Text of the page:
There’s a technique that we Brits have perfected over the years, which works perfectly to distribute the batter around the pan – the swirl. Just lift the pan and swirl it around (gently!) in a circular motion until the batter evenly covers the bottom of the pan. Then cook until the bottom of the pancake is golden brown.
For some reason, the two sides of your pancake will always come out looking totally different. The first side you cook will always end up looking like this:
and the second side always looks like this:
Don’t be alarmed! That’s meant to happen. They end up nice and crispy around the edges, and soft in the middle. Perfect.
Keep going until you’ve cooked the whole batch of batter. Each pancake only takes a couple of minutes to cook each side, but if you’re going to make the full batch of 8-ish pancakes, you can expect to be stood at the hob for a good half hour or so. Luckily, they’re easy to nibble on as you cook – or stack them on a plate in an oven set to the lowest temperature to help keep them warm.
Topping ideas for traditional British pancakes
We Brits don’t discriminate – we love our pancakes with all kinds of toppings.
Our #1 favourite is a generous squeeze of lemon juice (either freshly squeezed or from a bottle), then an obscene amount of sugar to cut through the sharpness. This is how I eat my pancakes 90% of the time.
But there are plenty of other options too!
Sweet pancake topping ideas:
- lemon juice and sugar
- any kind of fruit jam
- chocolate spread
- stewed fruit
- caramel sauce
- honey or maple syrup
- fresh berries
- ice cream
- Greek yogurt
Savoury pancake topping ideas:
- creamy garlic mushrooms
- garlicky spinach and a fried egg
- salsa and guacamole
- cheese and sliced tomatoes
- goat’s cheese and spinach
- spicy beans or chilli
- cream cheese and chilli jam
You can either roll your pancake around your filling like a burrito, fold it into quarters, or just eat it flat like a pizza!
Whichever option you go for, you really can’t go wrong with traditional British pancakes.
Traditional British pancakes
- 300 g (~ 2 cups) plain flour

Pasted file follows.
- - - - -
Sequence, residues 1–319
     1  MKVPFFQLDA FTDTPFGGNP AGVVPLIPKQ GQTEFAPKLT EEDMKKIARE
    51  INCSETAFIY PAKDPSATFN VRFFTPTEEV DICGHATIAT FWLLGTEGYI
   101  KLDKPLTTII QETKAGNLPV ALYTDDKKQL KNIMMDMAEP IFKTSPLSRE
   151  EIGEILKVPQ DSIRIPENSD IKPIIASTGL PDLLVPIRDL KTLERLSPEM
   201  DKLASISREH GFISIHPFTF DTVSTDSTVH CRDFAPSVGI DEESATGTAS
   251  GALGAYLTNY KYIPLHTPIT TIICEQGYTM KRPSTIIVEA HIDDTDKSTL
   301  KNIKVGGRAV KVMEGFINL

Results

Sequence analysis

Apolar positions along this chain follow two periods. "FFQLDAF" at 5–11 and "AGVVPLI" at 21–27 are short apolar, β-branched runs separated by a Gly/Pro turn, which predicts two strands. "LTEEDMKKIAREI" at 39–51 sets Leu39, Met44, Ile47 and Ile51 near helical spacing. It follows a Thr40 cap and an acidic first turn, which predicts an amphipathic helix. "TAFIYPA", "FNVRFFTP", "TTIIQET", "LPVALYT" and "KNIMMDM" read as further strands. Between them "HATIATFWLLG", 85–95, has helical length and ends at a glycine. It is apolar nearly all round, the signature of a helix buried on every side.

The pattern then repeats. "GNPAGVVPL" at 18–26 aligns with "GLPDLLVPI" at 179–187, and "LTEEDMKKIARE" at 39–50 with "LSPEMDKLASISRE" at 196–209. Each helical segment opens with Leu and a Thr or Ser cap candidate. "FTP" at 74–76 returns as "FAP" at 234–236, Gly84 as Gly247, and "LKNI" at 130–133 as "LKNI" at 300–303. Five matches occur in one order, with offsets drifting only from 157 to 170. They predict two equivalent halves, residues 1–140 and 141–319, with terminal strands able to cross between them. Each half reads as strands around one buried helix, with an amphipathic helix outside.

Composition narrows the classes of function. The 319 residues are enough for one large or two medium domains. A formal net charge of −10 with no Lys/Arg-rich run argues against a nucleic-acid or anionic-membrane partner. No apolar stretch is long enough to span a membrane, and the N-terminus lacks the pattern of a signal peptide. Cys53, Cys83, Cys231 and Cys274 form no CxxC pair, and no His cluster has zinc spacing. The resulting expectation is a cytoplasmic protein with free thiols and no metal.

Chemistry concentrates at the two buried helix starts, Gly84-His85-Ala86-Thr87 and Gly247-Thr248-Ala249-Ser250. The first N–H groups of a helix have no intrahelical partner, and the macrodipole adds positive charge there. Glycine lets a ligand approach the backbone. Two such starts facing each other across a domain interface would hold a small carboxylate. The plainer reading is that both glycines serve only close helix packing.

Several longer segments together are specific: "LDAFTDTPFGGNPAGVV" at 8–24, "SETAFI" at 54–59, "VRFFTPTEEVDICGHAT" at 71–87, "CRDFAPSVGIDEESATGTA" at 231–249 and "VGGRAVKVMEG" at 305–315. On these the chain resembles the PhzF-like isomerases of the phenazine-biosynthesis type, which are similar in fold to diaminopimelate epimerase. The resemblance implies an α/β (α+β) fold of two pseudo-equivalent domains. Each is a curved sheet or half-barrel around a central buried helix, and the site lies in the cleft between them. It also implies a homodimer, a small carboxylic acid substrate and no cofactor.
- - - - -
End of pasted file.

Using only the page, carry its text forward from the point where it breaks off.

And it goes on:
- 3 eggs
- 400 ml (~ 1 2/3 cups) milk
- 1 tbsp butter
- Spray oil, if needed
- To serve: your choice of sweet or savoury toppings (see blog post for ideas!)
- Add the flour to a large mixing bowl, and make a well in the centre. Crack in the eggs, and gradually whisk together.
- Add the milk a little at a time, whisking until smooth (don’t worry if a few small lumps remain, you won’t notice them in the finished pancakes). The batter will be fairly thin.
- Melt the butter in a non-stick frying pan, then pour it back into the pancake batter, whisking to ensure no lumps are formed.
- With the pan over a medium heat (I used setting 5 out of 9), add a ladleful of the pancake batter. Lift the pan, and gently swirl the mixture around the base of the pan until it forms a thin layer all over. Return to the heat, and cook for 2-3 minutes, until the underside of the pancake is lightly golden brown.
- Flip the pancake carefully, and cook the other side for a further 2 minutes. Transfer to a plate while you cook the remaining pancakes. You can spray a little oil into the pan in between pancakes if they’re showing signs of sticking – I didn’t need to.
- When you’ve cooked all fo the batter, serve the pancakes with your choice of sweet or savoury topping.
Note: Nutritional information is approximate, and will depend on exactly what ingredients you choose. Information above is for 1 pancake without toppings (I recommend 2-3 pancakes per person).
Love my traditional British recipes? Why not have a vegetarian full English breakfast the next morning!
* Note: This post contains a couple of affiliate links. If you make a purchase using one of these links, I will receive a tiny (tiny!) payment, at no extra cost to you. Thanks for the support!